'I had a lot of false starts': director Fyzal Boulifa on finally making 'Lynn + Lucy' as his debut feature

The drama follows the story of two school friends who, after a tragic incident, turn against each other

SAN SEBASTIAN, SPAIN -September 23:Fyzal Boulifa director on September 23, 2019 in San Sebastian, Spain. (Photo by Claude Medale/Corbis via Getty Images)
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Making your first feature film can be a process fraught with self-doubt. Just ask Fyzal Boulifa, a rising British director with Moroccan roots.

“I had a lot of false starts,” he remembers, when we meet in London’s plush Mayfair Hotel. “I was developing things that didn’t turn out. And I was asking myself a lot: 'What should be my first feature? How do I want to present myself to the world?' At some point I just got tired of these questions.”

That Boulifa wrestled so consciously with what he wanted say hints at what an interesting filmmaker he is shaping up to be. “The easiest thing for me would be to do something with my ethnic identity,” he says. "There’s a really direct relationship. I think that’s what people are expecting these days – a personal reflection of who I am. And I didn’t want to do that.”

Flush with five-star reviews since it premiered at the San Sebastian Film Festival last year, his debut feature, Lynn + Lucy, is far removed from those expectations. Set in an anonymous British suburb, the story follows two friends who grew up together: young mum Lynn (newcomer Roxanne Scrimshaw) and life and soul of the party Lucy (Nichola Burley). But when Lucy gives birth, a tragic accident (or maybe not) befalls her newborn baby, setting the gossips in their small community ablaze.

Boulifa was inspired, in part, by a newspaper story about a woman accused of murdering her child, who was acquitted but shunned by her community, and later committed suicide. Lynn + Lucy is never quite so dramatic; instead it subtly deals with a power shift as the relationship splinters between these two old pals. "Lynn's looking for identity and she's looking for self-esteem," Boulifa explains. "And that opportunity comes in the tragedy of her best friend."

Boulifa draws natural performances from his young cast – he recruits non-professionals where possible. He scoured schools and community centres to find someone to play Lynn. “It was a very intense process,” he says. “We were on the streets meeting people.”

The inexperienced Scrimshaw was discovered after she answered an advertisement in a local paper. “At first I thought she was too striking and too fun to be Lynn,” Boulifa says. Gradually, though, he changed his mind.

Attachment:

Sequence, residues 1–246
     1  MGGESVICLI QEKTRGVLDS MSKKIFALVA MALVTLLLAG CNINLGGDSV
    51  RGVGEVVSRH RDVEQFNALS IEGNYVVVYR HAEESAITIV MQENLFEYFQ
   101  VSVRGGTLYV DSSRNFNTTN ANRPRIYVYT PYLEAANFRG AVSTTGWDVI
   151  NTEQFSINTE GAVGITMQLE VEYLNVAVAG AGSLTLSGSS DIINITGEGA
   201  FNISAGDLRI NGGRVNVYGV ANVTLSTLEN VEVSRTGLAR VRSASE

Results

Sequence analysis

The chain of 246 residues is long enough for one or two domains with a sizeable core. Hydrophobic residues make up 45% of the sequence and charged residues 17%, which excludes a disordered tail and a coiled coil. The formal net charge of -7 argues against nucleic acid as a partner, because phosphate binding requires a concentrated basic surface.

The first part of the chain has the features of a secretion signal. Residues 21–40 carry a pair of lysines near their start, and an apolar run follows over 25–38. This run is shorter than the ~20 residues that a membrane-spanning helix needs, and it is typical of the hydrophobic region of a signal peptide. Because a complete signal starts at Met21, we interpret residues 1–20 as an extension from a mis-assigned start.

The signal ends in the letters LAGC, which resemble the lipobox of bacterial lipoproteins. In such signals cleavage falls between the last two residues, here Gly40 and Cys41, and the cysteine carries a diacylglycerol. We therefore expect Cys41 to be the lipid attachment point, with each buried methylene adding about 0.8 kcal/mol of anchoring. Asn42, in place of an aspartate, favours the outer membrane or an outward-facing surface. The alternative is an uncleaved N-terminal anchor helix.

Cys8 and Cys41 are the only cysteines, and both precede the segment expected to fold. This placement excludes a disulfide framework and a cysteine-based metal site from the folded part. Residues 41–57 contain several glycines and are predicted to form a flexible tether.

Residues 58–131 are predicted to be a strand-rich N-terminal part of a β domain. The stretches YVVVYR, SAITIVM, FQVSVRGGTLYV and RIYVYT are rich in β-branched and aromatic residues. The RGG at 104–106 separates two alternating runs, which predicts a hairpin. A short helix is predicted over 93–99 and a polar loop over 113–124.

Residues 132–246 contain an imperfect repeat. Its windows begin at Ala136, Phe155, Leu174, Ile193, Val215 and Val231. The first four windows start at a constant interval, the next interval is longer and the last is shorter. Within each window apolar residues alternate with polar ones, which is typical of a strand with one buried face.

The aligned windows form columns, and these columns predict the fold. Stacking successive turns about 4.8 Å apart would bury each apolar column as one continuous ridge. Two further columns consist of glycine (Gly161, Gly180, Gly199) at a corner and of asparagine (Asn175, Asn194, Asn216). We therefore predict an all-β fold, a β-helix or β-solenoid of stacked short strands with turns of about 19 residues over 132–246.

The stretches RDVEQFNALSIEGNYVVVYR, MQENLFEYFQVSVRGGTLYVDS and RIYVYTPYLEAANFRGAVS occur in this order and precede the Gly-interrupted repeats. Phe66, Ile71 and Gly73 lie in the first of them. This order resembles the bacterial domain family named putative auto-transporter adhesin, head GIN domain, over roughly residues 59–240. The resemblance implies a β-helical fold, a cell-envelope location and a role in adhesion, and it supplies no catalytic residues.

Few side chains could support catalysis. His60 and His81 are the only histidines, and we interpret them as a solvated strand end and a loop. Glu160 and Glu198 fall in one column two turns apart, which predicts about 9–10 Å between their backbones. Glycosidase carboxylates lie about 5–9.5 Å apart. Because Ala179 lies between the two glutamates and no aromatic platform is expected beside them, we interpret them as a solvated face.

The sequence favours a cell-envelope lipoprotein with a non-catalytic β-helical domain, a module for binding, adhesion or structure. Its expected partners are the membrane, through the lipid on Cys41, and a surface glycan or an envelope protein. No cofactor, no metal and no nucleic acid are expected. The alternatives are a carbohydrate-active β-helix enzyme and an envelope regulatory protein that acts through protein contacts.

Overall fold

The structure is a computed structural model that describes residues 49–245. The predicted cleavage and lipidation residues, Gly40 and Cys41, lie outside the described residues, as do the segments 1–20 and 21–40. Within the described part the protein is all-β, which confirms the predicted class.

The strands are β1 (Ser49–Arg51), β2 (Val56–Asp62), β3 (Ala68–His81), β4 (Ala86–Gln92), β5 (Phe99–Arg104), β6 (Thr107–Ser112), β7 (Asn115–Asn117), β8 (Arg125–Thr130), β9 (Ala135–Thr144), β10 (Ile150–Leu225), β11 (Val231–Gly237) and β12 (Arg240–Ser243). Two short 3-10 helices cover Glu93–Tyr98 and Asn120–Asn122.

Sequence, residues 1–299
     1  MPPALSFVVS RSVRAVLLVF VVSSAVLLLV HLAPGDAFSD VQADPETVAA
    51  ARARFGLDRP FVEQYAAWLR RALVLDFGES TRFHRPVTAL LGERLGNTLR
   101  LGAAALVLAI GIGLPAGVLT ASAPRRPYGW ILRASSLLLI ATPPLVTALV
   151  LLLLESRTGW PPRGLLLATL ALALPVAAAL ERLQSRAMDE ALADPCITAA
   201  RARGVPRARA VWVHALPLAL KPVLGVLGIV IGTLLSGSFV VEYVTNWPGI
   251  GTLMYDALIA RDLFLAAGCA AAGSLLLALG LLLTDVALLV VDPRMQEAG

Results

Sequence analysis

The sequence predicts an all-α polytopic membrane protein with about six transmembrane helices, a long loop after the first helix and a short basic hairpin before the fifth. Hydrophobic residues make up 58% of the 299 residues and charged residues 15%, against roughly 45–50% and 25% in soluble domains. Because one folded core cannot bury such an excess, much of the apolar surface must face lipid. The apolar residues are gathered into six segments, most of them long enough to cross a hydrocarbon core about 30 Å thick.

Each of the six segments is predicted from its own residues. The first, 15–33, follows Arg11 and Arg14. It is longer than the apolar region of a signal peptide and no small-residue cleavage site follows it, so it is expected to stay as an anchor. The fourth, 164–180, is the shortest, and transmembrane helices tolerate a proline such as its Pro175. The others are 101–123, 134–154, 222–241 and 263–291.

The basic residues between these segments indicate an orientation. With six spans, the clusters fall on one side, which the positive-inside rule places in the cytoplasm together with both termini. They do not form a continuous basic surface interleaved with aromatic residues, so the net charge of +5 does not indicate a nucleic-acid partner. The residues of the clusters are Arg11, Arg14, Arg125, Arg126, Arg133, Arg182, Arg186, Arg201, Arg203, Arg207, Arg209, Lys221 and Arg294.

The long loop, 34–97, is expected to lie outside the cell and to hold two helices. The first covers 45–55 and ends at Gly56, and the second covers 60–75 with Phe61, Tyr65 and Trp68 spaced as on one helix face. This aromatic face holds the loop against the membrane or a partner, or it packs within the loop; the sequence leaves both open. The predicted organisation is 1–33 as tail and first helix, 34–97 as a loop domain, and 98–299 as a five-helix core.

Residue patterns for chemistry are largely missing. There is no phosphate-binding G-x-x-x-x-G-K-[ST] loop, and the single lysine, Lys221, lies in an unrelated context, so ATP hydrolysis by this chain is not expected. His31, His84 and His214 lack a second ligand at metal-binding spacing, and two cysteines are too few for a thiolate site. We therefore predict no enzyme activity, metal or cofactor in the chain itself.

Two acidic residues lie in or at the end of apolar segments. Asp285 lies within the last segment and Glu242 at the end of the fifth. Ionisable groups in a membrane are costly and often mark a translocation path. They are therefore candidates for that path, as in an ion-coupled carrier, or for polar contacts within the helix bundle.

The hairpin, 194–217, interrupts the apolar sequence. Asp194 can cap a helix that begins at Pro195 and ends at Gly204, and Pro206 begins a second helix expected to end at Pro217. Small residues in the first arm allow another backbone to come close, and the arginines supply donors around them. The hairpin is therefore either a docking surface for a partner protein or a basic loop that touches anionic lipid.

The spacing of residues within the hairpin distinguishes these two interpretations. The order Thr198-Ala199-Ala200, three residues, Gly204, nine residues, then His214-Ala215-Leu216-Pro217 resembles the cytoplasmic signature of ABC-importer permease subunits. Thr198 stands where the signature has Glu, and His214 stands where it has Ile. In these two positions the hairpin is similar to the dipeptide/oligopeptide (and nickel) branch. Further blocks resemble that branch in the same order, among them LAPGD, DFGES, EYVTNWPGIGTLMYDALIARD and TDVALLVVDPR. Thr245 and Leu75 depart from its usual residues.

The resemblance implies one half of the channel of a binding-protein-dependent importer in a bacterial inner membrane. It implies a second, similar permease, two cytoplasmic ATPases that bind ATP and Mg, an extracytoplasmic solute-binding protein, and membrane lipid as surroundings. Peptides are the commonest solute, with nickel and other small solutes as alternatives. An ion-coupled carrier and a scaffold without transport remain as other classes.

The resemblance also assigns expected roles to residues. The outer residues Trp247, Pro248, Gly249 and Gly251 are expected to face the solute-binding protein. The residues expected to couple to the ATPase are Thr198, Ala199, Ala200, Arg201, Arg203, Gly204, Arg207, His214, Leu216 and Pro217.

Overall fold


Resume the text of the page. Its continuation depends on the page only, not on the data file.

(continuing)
Nichola Burley, left, as Lucy, and Roxanne Scrimshaw at Lynn. Director Fyzal Boulifa worked with non-professional actors where possible

For Lucy, Boulifa chose Leeds-born actress Burley, best known for her work in Andrea Arnold's version of Wuthering Heights. "What convinced me about Nichola was that she isn't mannered in her acting style, she's not self-regarding. She's very simple and direct."

That Burley was "street cast" for her 2005 debut, Dominic Savage's Love + Hate, added to the attraction. "Dominic came to her high school and she was picked – that's how she fell into acting. It's interesting that both Nichola and Roxanne kind of had this similar starting point."

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As a filmmaker, I want to be able to look at different aspects of the world. I'm not always making a film about me

While there has been a recent call for more female-driven stories in the film industry, that was never Boulifa's motivation in crafting Lynn + Lucy. "It's a regressive idea masquerading as a progressive one," he says. "It's great that we are getting many more female voices. That's really important. It needs to happen. But there are also many men in the history of cinema who have written well for women and told women's stories."

Born in 1985 in the English town of Leicester, Boulifa has in the past found inspiration from Morocco, where his parents are from. In 2012, he made The Curse, an allegorical short filmed across nine days in a rural part of Chichaoua, a small town about an hour and a half from Marrakesh. It was inspired by his own mother's youth – long before she left Morocco for the UK – when she would escape her conservative environs and walk for hours to meet her lover in the desert.

Showered with praise, the short was nominated for a Bafta and won the Premier Prix Illy for Short Filmmaking at Directors’ Fortnight at the Cannes Film Festival.

"Since then, I wanted to go back to make a feature there," says Boulifa, who is now working on "something set in Morocco" that is a full-length story about a mother-son relationship. He calls it more sensual than Lynn + Lucy. "Morocco inspires very different feelings and has very different social problems," he says, "so it is more passionate."

Whether this follow-up takes inspiration from his own relationship with his mother, he doesn’t reveal. “As a filmmaker, I want to be able to look at different aspects of the world. I’m not always making a film about me,” he says.

"I want to be a good filmmaker, to look at the world and make films about that. With Lynn + Lucy, I was aware that I was looking a bit further away from my life ... but I think that's a good thing to do."

Lynn + Lucy is available to stream at player.bfi.org.uk

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